The average size of trades has been shrinking, pushing the thorny issue of assignment fees to the fore. These standard $3,500 payments to the administrative agent on a loan when it is traded are cutting into the upside for desks. "When you were doing $20 million trades, it didn't matter," said Jon Weiss, head par trader at Bear Stearns. "But on a $2 million trade, it does."
Dealers said the average size of trades this year has dropped from $10 million to $1-2 million, for a variety of reasons. One is that in this hobbled economy investors are nibbling, and collateralized loan obligation managers who want portfolio diversity and fear credit defaults are hedging their bets in small doses. Another reason is that most trades are now coming out of fund managers' accounts, which are distributed into four or five different accounts. Each sub-account is viewed as a separate legal entity. Therefore, if a desk that is not the administrative agent were to buy $5 million from the fund manager, the desk would be charged for the separate accounts. "While technically it's a single trade, I have to pay $3,500 four times over," one trader at a big firm noted. "I don't mind paying them $3,500 once."
The pinch is igniting anew the call for a standard approach to waiving assignment fees. As it is now, most desks will waive fees for buyside clients on trades when they are the administrative agent and they'll pay for the customer on deals where they are not the admin agent. But the waivers do not extend to rival banks, and traders are saying it is becoming an issue. "With the amount of trading I do, [the fee] is a direct hit to me. I'm talking seven digits," said Clay DesJardine, head par trader at Deutsche Bank. But it would not make sense for one desk to waive fees for competitors if it wasn't done across the board. "The entire market has to adopt something. I'm not trying to help other desks; I'm trying to help buyside clients," DesJardine noted.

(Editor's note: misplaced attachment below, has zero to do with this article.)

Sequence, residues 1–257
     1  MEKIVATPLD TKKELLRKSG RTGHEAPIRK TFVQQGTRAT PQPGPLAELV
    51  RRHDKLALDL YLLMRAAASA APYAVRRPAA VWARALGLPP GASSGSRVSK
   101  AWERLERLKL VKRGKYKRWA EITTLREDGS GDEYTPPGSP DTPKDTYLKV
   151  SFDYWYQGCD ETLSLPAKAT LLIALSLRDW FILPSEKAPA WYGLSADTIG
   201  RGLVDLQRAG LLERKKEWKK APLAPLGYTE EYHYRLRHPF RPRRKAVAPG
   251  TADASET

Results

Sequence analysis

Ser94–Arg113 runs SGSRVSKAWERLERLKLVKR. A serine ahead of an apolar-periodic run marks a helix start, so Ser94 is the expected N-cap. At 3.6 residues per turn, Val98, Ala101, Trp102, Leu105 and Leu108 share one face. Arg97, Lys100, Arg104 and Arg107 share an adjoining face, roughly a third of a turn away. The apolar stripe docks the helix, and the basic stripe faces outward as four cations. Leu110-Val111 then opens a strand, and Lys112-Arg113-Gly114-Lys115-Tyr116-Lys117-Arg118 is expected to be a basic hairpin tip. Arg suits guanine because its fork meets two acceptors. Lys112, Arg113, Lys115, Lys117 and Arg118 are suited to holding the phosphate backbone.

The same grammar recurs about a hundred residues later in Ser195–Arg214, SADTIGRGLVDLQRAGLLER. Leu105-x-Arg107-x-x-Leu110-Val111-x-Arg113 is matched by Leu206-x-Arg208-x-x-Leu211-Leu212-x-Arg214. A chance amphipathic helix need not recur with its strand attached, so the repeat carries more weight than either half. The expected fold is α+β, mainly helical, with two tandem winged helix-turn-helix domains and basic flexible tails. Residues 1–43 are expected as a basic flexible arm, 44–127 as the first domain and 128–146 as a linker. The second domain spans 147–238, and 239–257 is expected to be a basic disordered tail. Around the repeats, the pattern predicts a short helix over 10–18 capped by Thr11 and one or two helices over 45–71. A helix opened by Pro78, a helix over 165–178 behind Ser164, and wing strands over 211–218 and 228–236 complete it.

J.P. Morgan and Bank of America lead the bulk of the deals in the primary market and would bear the brunt of an across-the-board waiver. Officials there declined to comment as did officials at Bank of America.
Waiving fees outright could be tricky. One dealer noted there are legitimate costs associated with processing paper. Another dealer called for making fees a percentage of the trading piece, which levels the playing field. "[A firm] said they'll waive fees if you trade with them, but you're punishing the people who don't trade with you and not allowing the market to compete on prices." Another dealer asked the buyside to step up and call for changes in how desks are charged assignment fees. "[The big banks] won't listen to us," one trader said. "But they'll listen to the buyside."